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been planning to go ahead and erode the entire new deal of philosophies and policies, social security, medicare. >> representative kenyatta. rep. kenyatta: this is not a new idea. i wish i could take credit for it but i can't. we have expanded the number of justices on the bench multiple times to the history of our country. i think it was mitch mcconnell, not democrats who pack the court. when mitch mcconnell did not allow president obama to appoint someone when it was his turn. to ram through amy coney barrett in opposition of the same rule he made up to deny president obama seat on the bench. the supreme court has its lowest public trust and it never has had. >> lieutenant government fetterman, why don't you support it? mr. fetterman: it's the same logic. the republicans were outraged, they were unhappy with the judgments of the supreme court here in pennsylvania now they
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wanted to change our constitution to change how it was elected that would almost guarantee we would have a permanent republican supreme court hearing in pennsylvania. the democratic party does not rig the rules because we do not like the outcome. i wish we had a 6-3 democratic majority in the supreme court. the fact is that we don't. i do not believe altering the structure of the supreme court is the answer. >> congressman lamb. congressman lamb: i think this whole question is a trap. one of the things i'm trying to convey here as i spent years answering questions at town hall, the exact type of people who are going to determine whether we are successful or fail this year. i never had a single one of them asked me to add a to the supreme court. people are looking for stability and practicality in our priorities. adding justices to the supreme court is completely over their head. every moment we are not talking of heat -- talking about people
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is a waste of time. councilwomen khalil: i have to agree. if roe v. wade is overturned, if they start attacking, what we see going on in voting rights, the environment, the clean water act, if they start going after medicare, if they start going after social security, there's a lot of things. >> archie doing what they are saying? -- aren't you doing what they are saying? councilwomen khalil: no one hears fdr. he wanted to do it to. he was a great democrat who did great things for this country. you are right, no one is asking it. what did fdr do, he said if you would not allow us to help the marking people, i'm going to help the american people. >> representative kenyatta. rep. kenyatta: i think there's a couple of things being said here that are fundamentally false. we are not going to win this election my only going to doors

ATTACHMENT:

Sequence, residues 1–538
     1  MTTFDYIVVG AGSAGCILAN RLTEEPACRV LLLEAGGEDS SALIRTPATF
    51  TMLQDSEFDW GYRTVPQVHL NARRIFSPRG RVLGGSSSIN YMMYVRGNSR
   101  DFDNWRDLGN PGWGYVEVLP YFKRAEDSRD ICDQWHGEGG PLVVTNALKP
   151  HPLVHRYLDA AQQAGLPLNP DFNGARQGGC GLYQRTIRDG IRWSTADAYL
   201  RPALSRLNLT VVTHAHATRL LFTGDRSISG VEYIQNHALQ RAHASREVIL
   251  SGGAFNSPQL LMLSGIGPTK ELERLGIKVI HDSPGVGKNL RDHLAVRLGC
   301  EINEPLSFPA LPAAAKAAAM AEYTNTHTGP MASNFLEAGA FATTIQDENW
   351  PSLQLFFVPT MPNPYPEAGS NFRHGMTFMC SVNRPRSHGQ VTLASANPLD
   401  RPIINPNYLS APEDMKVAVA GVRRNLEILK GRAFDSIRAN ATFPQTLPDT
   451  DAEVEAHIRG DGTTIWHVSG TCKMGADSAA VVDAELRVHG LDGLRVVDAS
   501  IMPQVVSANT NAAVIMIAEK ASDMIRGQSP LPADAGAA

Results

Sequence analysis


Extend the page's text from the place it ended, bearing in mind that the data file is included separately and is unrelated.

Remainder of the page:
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in western pennsylvania that the congressman keeps represent the -- mentioning. the doors we need to be focusing on are the doors that are in philadelphia and south eastern pennsylvania, the base of our party. we keep acting as if the folks who show up democrats every election are somehow not is worth fighting for, as some other folks. we are going to win this election [voices overlapping] c-span is your unfiltered view of going to go back toward >> president biden recently walked back a campaign pledge to end new drilling on public land, do you agree and how do you see pennsylvania's role in the natural gas economy? >> i'm going to have to agree with candidate. what i do support is releasing more petroleum out of that
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reserve. but i do support is making sure we don't give one sense more in tax breaks to big polluters and put our investments in clean technologies of the future. what i have said repeatedly is that a part of the increase people are feeling at the pump, the sheetz down the street, $4.09 when i passed it. they are not passing on the savings to the consumers. there are number of bills people are talking about in washington to make sure they cannot do the type of greedy, practices that have allowed companies like shell and bp to make more money than they have ever made while still charging you more. flex time. >> what steps would you take to ease the burden to americans at
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the pump? rep. kenyatta: the strategic petroleum reserve. there are already permits that have been approved, so folks believe there needs to be more drilling and extraction. there are permits folks can already is. i think we have to look at this in the short, medium and long term. in the short term, spr carried in the long term, we need to make sure pennsylvania is the place were we are modernizing our buildings, building electric cars, leaning into the green energy future that everyone will tell you we need. >> councilwoman khalil? councilwoman khalil: what can we do now. i support the president because of the situation we are in. the reason we are in the situation is we are not thinking smart about how to use the tax code. for example, i think it is $.50 per mile for mileage.